– My Brother the Hero about Margery and her brother Mike and something to do with a football. I can’t remember why Mike was a hero, but he was.
– Seven Sisters: a 44 (at last count) chapter epic about seven sisters, oddly enough. The first time my naughty side came out. When I’m good, I’m very very good … but when I’m bad, you wouldn’t recognise me.
– The Telephone Bird: the first proper book I finished. I got bored during my GCSEs and wrote it. The computer corrupted the file and I had to rewrite the whole thing. At the time I felt like one of my best friends had died, but the rewrite made it better. (Than ever? Well I was 16, what do you think?) I hope it’s not arrogant to occasionally dip into that and go “Man. That girl wasn’t half bad when she was young.”
– A Makeless Maiden: the title is bizarre and nothing to do with the story, but it’s the second proper book I finished. I am still terribly fond of my awkward music teacher Elon and the eccentric Parrish family. I entered it for a competition a few years ago and got shortlisted for a bursary. It was very dull compared to all the other entries, I think. They were all about eighteenth-century-surrealism and finding oneself in remote corners of Scotland. Mine was about a guy who played the piano and blushed easily.
– Those Are Pearls, which I wrote when I was about 18, about a girl whose mother is dying. I like this. (I like what I wrote not that her mother was dying.)
– Tread Softly, Breathe Deeply – a collection of supernatural/odd stories some of which are very disturbing, particularly when you think a couple of them came from my dreams.
– Mermaids in Satin – about a girl whose mum is a famous model or actress or something. Just a bit of meaningless tosh; the equivalent of a literary fling. Going nowhere and utterly meaningless, but fun.
That’s without counting other characters, stories and plots I’ve stumbled across, like walking through a ploughed field and turning up a Roman coin. I’m lucky in that I’ve still got 95% of everything I’ve ever written curling in spidery boxes in the garage but that’s where they sit, and whisper ever so often to me. I don’t know if I’m brave enough to dig them out – not because they will be rubbish but because they might be the best I’ll ever do. To quote Yeats:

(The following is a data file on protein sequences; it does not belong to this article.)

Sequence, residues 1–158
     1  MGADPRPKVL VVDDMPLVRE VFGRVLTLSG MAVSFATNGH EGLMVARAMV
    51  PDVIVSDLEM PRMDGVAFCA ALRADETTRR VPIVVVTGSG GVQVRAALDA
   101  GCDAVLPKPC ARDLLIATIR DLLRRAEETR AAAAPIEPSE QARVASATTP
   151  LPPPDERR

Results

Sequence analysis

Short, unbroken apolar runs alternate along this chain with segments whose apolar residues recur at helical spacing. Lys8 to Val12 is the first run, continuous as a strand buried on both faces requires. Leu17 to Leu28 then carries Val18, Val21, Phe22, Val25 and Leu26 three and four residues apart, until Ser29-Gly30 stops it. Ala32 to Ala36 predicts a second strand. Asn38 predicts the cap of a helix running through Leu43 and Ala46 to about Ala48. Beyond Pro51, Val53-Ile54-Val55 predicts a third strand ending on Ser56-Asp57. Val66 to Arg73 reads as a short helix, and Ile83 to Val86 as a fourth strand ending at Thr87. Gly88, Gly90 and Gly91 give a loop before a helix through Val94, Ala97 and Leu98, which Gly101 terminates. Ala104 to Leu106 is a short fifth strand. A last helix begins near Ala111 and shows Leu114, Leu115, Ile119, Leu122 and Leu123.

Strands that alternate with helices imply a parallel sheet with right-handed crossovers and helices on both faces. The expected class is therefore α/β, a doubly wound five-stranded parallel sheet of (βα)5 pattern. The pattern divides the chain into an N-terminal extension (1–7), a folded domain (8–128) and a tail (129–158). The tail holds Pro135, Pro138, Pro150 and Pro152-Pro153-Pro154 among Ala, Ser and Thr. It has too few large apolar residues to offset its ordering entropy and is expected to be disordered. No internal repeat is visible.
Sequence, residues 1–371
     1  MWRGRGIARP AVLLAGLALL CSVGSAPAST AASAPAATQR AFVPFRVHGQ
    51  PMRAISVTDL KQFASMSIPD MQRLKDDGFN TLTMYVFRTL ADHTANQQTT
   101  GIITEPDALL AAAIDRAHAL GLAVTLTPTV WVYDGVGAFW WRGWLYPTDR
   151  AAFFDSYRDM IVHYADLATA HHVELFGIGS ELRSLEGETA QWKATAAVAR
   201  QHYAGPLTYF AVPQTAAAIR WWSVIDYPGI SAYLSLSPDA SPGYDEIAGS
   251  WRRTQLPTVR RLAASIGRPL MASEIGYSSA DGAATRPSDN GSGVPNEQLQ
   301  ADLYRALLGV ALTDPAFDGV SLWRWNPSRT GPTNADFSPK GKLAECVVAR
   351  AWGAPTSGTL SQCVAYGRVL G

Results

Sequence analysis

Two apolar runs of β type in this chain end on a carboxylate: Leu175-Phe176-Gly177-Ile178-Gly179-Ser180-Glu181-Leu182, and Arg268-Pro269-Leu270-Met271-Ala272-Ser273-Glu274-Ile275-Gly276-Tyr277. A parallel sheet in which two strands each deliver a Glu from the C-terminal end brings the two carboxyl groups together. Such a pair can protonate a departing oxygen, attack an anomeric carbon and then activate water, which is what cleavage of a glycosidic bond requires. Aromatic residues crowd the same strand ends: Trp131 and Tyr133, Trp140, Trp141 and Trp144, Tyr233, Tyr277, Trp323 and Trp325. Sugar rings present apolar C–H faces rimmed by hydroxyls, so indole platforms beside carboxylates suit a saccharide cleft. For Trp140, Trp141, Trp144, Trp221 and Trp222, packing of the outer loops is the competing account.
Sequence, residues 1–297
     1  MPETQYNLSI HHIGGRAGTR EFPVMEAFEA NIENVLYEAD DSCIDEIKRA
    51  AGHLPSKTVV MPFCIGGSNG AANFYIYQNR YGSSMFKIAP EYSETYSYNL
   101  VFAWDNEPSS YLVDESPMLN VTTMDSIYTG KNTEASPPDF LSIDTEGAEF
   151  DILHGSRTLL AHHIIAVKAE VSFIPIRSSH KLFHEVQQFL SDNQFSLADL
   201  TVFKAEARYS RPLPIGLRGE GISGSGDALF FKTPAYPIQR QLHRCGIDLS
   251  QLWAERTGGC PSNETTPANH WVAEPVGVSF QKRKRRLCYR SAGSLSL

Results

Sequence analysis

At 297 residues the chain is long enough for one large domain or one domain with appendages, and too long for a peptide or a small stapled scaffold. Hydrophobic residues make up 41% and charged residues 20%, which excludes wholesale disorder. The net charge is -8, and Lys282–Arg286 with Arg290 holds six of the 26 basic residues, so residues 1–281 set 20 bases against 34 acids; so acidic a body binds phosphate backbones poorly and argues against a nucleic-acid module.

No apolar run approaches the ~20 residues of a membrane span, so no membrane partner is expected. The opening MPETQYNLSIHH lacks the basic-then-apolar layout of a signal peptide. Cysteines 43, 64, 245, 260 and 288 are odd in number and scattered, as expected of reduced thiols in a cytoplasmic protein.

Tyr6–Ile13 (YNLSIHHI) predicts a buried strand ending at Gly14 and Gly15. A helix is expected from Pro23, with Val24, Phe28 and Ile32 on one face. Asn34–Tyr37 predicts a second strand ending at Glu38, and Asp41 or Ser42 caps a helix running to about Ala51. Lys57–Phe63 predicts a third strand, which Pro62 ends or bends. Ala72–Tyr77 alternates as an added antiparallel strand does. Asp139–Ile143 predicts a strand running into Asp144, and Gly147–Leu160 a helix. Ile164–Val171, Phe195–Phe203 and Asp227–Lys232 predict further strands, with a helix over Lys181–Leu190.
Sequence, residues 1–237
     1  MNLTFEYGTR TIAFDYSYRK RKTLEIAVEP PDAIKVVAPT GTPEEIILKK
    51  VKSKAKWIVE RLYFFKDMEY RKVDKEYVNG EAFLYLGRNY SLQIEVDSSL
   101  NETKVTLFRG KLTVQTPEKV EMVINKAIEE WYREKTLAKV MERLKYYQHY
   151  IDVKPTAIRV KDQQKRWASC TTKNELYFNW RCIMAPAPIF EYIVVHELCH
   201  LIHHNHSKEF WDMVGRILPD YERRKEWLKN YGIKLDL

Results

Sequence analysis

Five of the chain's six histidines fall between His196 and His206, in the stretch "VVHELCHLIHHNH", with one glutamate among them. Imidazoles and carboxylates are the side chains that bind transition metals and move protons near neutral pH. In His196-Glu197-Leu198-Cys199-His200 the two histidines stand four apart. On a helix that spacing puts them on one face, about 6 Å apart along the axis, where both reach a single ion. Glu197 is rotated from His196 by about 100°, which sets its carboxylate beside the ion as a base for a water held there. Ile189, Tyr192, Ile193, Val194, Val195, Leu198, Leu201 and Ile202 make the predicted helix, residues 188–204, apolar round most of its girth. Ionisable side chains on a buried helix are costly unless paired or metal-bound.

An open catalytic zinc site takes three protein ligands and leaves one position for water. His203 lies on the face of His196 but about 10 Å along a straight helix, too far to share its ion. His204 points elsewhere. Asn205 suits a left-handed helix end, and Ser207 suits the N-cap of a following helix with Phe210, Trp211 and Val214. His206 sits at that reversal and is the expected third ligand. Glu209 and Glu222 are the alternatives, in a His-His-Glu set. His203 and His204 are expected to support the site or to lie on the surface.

There is grey in your hair.
Young men no longer suddenly catch their breath
When you are passing*
*They never DID IN THE FIRST PLACE, but it’s an allegory, okay?
Recently I was trying on dresses and worrying that a hemline was too short; that the back was too low; that I’m too old for sequins. Ten years ago (or maybe a few more *ahem*) I’d have been dressing to show off my cleavage, stomach, legs, bottom and back – all the same time if I could. Obviously one cannot dress like that at 33, but I wouldn’t really want to.
But I would like to write like I used to. I would like to get that feeling back of being utterly taken over by writing: when it’s all you think about, all you can do, when you sit at the computer and type without looking at the keyboard or thinking because the words are bypassing your brain and going right down your arm and spilling out through your fingers like quicksilver; because they’re not yours. After a bit you blink and look at the screen and know that what you’re reading is good because you can’t remember writing it.
Perhaps it’s time to let my writing self out again. I don’t know if I dare, any more than I dare wear this undeniably sexy but equally undeniably flashy silver dress hanging in my wardrobe. I’m frightened of looking stupid and being laughed at in both, and ultimately failing. I do think W. C. Fields was right when he said:
If at first you don’t succeed, try, try again. Then quit. No use being a damn fool about it.
But perhaps I’ve never really tried in the first place. Perhaps it takes longer than the timescale I set myself when I made a conscious decision to make writing my Thing. I was six when I read Daisy Ashford’s The Young Visiters; although Ashford published the book as an adult she was eight when she wrote it and I remember thinking “I’ve only got two years left”.
If my six-year-old self could see me now…